Recently I've been involved with a migration from one Exchange 2010 server to another, and the project is still ongoing at the moment. I've written before about how overly complicated Exchange is, when compared to other open source mail server alternatives.
The open source revolution
My thoughts on why businesses and individuals need to start thinking about switching away from proprietary (and high maintenance) software like Windows, and look at open source and free software instead like GNU/Linux. All articles are based on real world and everyday experiences with Windows and GNU/Linux, for both business and personal use.
I have been a systems administrator of both Windows and Linux systems for over 15 years, in a wide variety of environments ranging from educational institutions to large enterprises. Throughout the years running Linux and Windows side by side, I have seen Linux countless times surpass Windows in performance, reliability, cost savings, and more recently user experience. In 2008 I successfully migrated all of my personal machines from Windows XP to Fedora Linux after seeing Linux succeed for many years for businesses, and have worked with family and friends to help them migrate as well. The experience has been astounding. The power of Linux and open source software is one that cannot be ignored by businesses or individuals, and has been making waves in the world of proprietary software and Microsoft. From multiple frustrations of using Microsoft products and seeing open source products excel over them, I have drawn an interest in writing more and doing research about the two and their vast differences.
Recently I posted a blog entry on a digital signage rollout that has had its issues. Mainly, I point my finger at the Windows operating system for the most part.
Linux for education is a great win, for all PC users. I have read about schools making the move to open source and Linux in the classroom, with countless success stories.
Yesterday news came out that Microsoft is boasting about a total of 10 patent deals being signed so far, with Android phone manufacturers. In case you haven't been following these so-called "patent deals", Microsoft has been keeping a long list of Android manufacturers and has been checking off one by one on its list to keep Google's Android phones from continuing their dominance of the mobile phone market.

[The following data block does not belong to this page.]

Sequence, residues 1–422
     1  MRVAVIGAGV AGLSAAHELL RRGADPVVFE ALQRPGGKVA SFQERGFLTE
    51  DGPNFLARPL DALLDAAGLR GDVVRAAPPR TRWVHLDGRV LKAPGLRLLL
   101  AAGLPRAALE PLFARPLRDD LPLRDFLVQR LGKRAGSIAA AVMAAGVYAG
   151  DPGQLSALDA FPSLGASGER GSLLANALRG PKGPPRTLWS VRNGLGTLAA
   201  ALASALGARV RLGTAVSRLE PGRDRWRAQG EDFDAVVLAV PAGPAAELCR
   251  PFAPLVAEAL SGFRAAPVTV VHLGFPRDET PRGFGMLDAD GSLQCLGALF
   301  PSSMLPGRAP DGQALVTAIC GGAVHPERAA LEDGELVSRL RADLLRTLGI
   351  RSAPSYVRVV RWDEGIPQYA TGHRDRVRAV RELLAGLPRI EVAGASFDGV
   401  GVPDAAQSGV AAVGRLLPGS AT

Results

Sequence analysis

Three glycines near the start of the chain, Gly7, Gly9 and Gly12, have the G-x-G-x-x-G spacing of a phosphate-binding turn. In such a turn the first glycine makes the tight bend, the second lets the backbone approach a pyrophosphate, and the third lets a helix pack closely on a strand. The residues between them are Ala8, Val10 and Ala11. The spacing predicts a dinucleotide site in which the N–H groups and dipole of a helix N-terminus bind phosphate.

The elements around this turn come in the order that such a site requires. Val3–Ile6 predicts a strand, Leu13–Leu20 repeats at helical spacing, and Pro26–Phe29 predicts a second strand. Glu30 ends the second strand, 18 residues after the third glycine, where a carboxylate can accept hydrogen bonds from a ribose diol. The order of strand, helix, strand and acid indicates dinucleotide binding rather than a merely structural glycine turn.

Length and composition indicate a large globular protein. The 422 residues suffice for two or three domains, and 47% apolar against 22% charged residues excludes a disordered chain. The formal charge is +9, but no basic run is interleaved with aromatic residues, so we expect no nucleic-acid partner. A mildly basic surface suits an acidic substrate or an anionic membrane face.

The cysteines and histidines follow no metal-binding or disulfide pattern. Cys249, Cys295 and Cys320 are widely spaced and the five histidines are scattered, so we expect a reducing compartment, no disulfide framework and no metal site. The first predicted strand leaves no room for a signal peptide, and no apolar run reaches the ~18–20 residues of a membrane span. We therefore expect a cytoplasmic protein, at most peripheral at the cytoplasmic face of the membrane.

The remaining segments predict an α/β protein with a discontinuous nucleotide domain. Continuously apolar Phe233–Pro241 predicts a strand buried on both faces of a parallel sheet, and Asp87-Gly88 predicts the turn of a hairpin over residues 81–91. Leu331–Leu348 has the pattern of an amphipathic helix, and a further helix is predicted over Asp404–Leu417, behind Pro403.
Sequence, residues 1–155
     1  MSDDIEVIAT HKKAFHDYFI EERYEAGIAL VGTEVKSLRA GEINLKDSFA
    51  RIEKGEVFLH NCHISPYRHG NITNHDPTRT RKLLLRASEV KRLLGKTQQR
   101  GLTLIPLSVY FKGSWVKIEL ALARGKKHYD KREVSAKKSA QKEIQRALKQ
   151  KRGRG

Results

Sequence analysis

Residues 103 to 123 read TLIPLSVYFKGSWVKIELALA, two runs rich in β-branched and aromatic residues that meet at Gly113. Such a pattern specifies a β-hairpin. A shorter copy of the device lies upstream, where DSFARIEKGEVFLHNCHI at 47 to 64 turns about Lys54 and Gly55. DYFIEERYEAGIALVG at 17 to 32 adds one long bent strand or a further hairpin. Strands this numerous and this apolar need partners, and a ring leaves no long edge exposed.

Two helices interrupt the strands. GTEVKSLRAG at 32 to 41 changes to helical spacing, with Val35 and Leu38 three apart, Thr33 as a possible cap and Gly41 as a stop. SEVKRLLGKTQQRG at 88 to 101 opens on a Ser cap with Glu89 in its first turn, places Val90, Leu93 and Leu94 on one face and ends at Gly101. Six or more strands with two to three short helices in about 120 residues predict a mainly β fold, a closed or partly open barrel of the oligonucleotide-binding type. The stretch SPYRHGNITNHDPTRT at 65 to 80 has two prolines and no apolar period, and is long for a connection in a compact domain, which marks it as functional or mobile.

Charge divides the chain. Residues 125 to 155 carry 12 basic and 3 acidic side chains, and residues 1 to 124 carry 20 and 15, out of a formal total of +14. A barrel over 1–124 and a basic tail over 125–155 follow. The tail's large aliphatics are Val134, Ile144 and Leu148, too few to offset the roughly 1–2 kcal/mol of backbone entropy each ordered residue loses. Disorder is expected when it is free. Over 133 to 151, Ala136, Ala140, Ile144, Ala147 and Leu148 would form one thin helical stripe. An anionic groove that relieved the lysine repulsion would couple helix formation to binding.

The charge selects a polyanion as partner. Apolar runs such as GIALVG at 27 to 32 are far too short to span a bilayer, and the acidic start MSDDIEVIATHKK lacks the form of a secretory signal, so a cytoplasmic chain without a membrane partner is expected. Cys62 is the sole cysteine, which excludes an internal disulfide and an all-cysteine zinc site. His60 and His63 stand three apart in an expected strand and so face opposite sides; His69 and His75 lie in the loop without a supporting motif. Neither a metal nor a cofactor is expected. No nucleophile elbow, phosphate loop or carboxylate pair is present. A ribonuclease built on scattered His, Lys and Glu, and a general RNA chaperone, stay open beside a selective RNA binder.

It's been about three years, since I finally migrated all of my personal PCs for my immediate family from Windows XP to Fedora Linux. I had used it for many years previous to that, but I had held off on migrating all of my PCs permanently because of issues with getting apps to work in Wine, and problems finding apps to replace proprietary ones I had used up to that point.
About a year ago, I was involved with a project to set up video signage. The project involved 6 displays, each to display its own content.
It's no doubt that one of the leaders for network equipment is Cisco Systems. Newer Cisco devices are starting to use what Cisco calls its "IOS-XE" operating system, which is a customized flavor of GNU/Linux.
I am constantly documenting all sorts of things on my computer, and recently I decided it was time to figure out what to use in Linux that will allow easy screenshot capturing which is essential for good documentation. I have used the "Snipping Tool" in Windows 7 which is a good and flexible application.
Software that just doesn't work out of the box, is very frustrating. I probably spend countless hours per year, wasting away time by going in circles, due to software that just doesn't work as advertised.
Microsoft has a large advantage in its quest to go after and collect royalties from those that it deems necessary as a direct threat. Microsoft has risen up with full force against Android, just after Windows Phone 7 started to appear.